North Carolina-based mystery writer Maron dies at 82

Posted 2/28/21

RALEIGH, N.C. (AP) — Margaret Maron, a prolific North Carolina-based mystery writer whose book series won her major awards and plaudits in the genre, has died at age 82, a family member said on …

To Our Valued Readers –

Visitors to our website will be limited to five stories per month unless they opt to subscribe.

For $5.99, less than 20 cents a day, subscribers will receive unlimited access to the website, including access to our Daily Independent e-edition, which features Arizona-specific journalism and items you can’t find in our community print products, such as weather reports, comics, crossword puzzles, advice columns and so much more six days a week.

Our commitment to balanced, fair reporting and local coverage provides insight and perspective not found anywhere else.

Your financial commitment will help to preserve the kind of honest journalism produced by our reporters and editors. We trust you agree that independent journalism is an essential component of our democracy. Please click here to subscribe.

Sincerely,
Charlene Bisson, Publisher, Independent Newsmedia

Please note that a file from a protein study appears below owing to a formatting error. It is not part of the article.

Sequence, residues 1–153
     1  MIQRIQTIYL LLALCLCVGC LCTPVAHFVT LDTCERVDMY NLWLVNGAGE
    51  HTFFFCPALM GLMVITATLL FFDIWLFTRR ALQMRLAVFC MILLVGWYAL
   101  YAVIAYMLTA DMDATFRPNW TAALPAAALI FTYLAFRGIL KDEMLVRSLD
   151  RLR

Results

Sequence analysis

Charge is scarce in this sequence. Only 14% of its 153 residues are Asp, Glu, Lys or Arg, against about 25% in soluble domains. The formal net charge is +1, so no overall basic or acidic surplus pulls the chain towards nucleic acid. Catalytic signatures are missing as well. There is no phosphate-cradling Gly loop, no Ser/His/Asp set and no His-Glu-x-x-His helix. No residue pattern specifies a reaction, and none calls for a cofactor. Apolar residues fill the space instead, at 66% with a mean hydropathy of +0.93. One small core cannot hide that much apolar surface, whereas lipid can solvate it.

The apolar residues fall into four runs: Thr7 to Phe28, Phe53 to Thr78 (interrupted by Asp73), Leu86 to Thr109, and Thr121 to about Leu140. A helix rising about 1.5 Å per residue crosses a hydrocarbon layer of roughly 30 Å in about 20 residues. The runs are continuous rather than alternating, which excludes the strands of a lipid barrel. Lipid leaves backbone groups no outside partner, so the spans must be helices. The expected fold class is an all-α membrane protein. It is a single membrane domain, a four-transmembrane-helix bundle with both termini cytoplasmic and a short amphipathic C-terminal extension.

Please log in to continue

Log in
I am anchor

North Carolina-based mystery writer Maron dies at 82

Posted

RALEIGH, N.C. (AP) — Margaret Maron, a prolific North Carolina-based mystery writer whose book series won her major awards and plaudits in the genre, has died at age 82, a family member said on Sunday.

Maron died on Tuesday at a hospice center in Raleigh from stroke-related complications, according to her son, John Maron.

Maron is best known for the Sigrid Harald series of books, which focused on a New York police lieutenant, and the Knott series, which was about a North Carolina judge.

Her first Deborah Knott books won the four major mystery-writing awards, including the Edgar and Agatha, The News & Observer of Raleigh . She received the North Carolina Award, the state’s highest civilian honor, in 2008, and was later inducted into the N.C. Literary Hall of Fame.

Born in central North Carolina, Maron met her future husband while they both worked at the Penatgon. Joe Maron was a naval officer. They ultimately moved to Italy and to Brooklyn.

It was in New York that she learned how to write, according to the formal she penned before she died. Alfred Hitchcock’s Mystery Magazine published her first story in 1968, the obituary said.

The Marons moved to Johnston County, just outside of Raleigh, in the early 1970s. They have built a vacation home carved out on the farm of her mother’s family.

In addition to her husband and son, Maron’s survivors include a sister and two granddaughters. Funeral arrangements are private.

Comments